Multiple regression in which qualitative and quantitative predictor variables are both used is also known as analysis of covariance. The vertical distance between the lines is the coefficient for the intervention, 20.1 litre/min. By including the baseline PEF we have reduced the variability and enabled the treatment difference to become apparent.

There are clear advantages to using adjustment. In clinical trials, multiple regression including baseline measurements reduces the variability between subjects and so increases the power of the study. It makes it much easier to detect real effects and produces narrower confidence intervals. It also removes any effects of chance imbalances in the predicting variables.

Is adjustment cheating? If we cannot demonstrate an effect without adjustment (as in the asthma nurse trial), is it valid to show one after adjustment? Adjustment can be cheating if we keep adjusting by more and more variables until we have a significant difference. This is not the right way to proceed. We should be able to say in advance which variables we might want to adjust for because they are strong predictors of our outcome variable. Baseline measurements almost always come into this category, as should any stratification or minimization variables used in the design. If they were not related to the outcome variable, there would be no need to stratify for them. Another variable which we might expect to adjust for is centre in multi-centre trials, because there may be quite a lot of variation between centres in their patient populations and in their clinical practices. We might also want to adjust for known important predictors. If we had no baseline measurements of PEF, we would want to adjust for height and age, two known good predictors of PEF. We should state before we collect the data what we wish to adjust for and stick to it.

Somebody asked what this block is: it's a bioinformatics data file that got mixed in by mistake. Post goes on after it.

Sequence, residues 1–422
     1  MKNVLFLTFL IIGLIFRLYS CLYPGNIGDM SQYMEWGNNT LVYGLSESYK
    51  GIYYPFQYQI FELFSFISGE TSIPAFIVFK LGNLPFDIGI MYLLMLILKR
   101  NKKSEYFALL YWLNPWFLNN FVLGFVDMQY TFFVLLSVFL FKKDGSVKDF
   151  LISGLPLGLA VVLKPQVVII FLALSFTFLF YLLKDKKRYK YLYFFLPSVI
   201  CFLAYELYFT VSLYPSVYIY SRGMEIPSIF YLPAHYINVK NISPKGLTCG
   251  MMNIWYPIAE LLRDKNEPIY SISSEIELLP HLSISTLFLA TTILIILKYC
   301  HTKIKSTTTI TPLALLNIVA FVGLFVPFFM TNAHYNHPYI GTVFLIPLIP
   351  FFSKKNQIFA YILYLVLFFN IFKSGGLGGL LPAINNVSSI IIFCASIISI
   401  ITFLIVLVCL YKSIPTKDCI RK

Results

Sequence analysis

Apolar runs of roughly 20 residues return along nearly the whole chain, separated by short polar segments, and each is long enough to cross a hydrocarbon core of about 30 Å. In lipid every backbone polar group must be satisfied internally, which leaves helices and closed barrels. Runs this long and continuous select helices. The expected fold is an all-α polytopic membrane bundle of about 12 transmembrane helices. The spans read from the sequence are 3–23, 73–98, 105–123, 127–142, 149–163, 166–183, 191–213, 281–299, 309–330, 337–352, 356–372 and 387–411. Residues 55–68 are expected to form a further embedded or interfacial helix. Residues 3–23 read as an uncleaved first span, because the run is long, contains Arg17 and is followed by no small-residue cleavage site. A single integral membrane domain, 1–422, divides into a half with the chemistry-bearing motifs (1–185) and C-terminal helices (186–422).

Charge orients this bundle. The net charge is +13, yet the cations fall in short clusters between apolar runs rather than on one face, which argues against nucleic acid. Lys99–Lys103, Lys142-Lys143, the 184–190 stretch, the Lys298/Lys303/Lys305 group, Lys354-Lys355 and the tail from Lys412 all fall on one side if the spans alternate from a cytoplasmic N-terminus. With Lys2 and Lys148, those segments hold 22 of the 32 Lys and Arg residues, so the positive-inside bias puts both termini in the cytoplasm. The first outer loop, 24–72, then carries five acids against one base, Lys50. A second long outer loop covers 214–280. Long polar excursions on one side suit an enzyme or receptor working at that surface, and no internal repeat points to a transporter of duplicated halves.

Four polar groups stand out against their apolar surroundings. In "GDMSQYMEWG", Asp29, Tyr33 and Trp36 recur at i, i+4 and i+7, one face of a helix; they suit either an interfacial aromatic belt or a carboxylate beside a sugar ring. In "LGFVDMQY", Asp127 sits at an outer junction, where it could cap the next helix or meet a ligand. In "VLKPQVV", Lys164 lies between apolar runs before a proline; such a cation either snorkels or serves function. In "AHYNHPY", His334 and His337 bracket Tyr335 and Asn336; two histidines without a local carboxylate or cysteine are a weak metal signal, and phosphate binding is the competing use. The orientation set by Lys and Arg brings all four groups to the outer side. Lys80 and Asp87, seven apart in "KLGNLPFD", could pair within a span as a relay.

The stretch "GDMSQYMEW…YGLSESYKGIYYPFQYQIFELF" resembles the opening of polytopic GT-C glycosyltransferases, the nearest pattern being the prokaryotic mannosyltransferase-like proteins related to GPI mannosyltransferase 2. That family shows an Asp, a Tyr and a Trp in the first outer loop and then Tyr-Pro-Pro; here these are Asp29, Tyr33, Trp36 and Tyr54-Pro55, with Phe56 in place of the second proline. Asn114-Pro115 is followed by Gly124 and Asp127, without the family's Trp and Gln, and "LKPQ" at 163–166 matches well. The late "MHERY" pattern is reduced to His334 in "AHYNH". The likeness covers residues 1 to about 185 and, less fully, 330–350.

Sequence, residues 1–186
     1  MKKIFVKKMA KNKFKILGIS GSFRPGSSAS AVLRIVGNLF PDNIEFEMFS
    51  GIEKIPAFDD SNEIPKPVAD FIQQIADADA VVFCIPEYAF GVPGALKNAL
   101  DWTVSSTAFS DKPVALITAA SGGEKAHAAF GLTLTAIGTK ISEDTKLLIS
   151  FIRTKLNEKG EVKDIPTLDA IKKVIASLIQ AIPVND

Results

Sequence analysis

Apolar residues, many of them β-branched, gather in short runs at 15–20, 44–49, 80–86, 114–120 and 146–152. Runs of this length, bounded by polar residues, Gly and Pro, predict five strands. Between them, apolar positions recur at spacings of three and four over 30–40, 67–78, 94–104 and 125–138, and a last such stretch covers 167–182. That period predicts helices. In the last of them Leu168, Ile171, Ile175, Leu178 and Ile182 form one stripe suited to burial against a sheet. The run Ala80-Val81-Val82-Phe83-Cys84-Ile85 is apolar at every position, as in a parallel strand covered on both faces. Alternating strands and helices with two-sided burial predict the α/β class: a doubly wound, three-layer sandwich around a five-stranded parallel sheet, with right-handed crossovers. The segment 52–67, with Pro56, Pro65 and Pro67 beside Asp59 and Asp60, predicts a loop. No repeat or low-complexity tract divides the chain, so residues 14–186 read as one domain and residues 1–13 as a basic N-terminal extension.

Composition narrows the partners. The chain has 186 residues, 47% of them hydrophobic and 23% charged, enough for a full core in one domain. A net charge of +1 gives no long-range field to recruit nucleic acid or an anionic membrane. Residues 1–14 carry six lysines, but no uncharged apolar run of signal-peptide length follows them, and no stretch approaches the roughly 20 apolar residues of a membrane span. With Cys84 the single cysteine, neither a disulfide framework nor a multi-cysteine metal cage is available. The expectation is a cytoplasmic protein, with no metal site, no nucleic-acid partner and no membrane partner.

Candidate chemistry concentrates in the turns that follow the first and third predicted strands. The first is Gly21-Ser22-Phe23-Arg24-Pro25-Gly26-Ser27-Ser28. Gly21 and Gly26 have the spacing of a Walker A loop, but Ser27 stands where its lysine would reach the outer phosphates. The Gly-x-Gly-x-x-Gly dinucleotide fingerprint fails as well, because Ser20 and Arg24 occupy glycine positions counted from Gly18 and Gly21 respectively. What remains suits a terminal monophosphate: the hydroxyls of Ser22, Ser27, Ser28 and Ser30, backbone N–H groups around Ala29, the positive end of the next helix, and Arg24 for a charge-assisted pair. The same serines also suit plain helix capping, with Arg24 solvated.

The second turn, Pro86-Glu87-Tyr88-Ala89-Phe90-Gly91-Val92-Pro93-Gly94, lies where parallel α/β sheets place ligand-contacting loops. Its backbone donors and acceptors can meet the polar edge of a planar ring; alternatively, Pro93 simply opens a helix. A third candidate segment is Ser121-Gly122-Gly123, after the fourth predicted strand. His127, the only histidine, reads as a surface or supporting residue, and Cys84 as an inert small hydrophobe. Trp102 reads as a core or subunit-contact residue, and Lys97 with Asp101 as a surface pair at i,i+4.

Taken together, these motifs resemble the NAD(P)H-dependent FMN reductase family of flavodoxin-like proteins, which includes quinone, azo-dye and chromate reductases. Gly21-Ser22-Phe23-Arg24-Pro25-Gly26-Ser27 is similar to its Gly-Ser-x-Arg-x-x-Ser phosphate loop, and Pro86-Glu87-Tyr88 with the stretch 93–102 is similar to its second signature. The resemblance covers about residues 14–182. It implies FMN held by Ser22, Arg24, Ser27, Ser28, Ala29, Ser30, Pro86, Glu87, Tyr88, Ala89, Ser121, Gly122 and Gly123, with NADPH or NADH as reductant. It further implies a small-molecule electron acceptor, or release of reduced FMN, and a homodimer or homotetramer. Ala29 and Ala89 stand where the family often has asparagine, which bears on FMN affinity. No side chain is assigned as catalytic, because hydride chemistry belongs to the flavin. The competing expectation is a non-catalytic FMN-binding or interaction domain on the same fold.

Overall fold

In the PEF analysis, we could have used the differences between the baseline and 6 month measurements rather than analysis of covariance. This is not as good because there is often measurement error in both our baseline and our outcome measurements. When we calculate the difference between them, we get two lots of error. If we do regression, we only have the error in the outcome variable. If the baseline variable has a lot of measurement error or there is only a small correlation between the baseline and outcome variables, using the difference can actually make things worse than just using the outcome variable. Using analysis of covariance, if the correlation is small the baseline variable has little effect rather than being detrimental.


Levy, M.L., Robb, M., Allen, J., Doherty, C., Bland, J.M., and Winter, R.J.D. (2000). A randomized controlled evaluation of specialist nurse education following accident and emergency department attendance for acute asthma. Respiratory Medicine, 94, 900–8.

Adapted from pages 227–228 of An Introduction to Medical Statistics by Martin Bland, 2015, reproduced by permission of Oxford University Press.